house on hill icon

What?

In addition to restoring publicly-owned floodplains, streams and environmental assets, the DPW's Bureau of Watershed Protection and Restoration works with private and nonprofit partners to understand and reduce stormwater pollution. Its ongoing projects restore stream systems and wetland habitat, repair erosion, and rebuild damaged stormwater management structures. Learn more at https://www.youtube.com/watch?v=iOweRRFQ1Do&t=22s.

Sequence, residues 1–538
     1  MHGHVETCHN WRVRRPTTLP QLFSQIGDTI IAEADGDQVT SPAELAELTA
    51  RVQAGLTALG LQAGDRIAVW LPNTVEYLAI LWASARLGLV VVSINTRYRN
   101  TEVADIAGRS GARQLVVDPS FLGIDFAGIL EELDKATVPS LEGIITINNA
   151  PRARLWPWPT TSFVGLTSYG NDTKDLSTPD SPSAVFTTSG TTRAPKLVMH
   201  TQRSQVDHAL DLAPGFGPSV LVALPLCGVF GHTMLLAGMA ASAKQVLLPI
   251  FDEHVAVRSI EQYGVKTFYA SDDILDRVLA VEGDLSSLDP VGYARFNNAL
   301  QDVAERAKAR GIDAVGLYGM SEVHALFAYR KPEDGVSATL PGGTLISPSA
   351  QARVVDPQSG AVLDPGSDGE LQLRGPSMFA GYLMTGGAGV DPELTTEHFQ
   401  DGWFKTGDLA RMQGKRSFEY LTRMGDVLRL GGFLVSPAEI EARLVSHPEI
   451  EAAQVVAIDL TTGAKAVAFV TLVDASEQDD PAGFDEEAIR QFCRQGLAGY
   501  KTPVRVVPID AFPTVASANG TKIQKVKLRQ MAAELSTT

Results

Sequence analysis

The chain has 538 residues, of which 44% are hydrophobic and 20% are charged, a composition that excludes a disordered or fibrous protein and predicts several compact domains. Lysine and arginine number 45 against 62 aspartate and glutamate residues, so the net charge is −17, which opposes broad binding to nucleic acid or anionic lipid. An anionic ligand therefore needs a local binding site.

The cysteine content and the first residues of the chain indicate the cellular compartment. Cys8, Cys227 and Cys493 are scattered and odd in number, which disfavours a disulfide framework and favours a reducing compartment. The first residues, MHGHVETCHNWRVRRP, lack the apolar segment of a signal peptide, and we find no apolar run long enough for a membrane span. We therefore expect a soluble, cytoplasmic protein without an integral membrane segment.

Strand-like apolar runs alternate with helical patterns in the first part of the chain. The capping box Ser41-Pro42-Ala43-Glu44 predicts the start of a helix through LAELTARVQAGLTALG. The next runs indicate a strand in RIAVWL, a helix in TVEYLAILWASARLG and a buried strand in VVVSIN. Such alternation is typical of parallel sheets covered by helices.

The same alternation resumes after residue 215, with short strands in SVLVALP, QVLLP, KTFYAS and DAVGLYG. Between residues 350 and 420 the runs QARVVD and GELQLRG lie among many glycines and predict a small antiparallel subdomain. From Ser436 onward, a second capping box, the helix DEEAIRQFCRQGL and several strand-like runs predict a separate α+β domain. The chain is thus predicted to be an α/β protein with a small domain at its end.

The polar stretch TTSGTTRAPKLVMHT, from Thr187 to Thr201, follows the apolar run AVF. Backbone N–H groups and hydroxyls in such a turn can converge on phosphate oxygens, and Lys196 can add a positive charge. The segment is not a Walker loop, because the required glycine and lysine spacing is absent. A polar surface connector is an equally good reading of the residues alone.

Why?

When rain or snowmelt flows through developed areas – covered in paved streets, parking lots and building rooftops – it doesn’t filter into the soil like it would in a natural landscape. As we channel the water out of our cities and neighborhoods and into rivers, streams, creeks, and coastal waters, it takes the pollution it picks up with it.

Slowing the flow of stormwater and finding ways to let it filter into the ground is an effective strategy for protecting aquatic life and improving the health of our local waterways.

Runoff picks up pet waste, leaves, fertilizers, motor oil, detergents, trash. Stormwater runoff carries pollutants into our waterways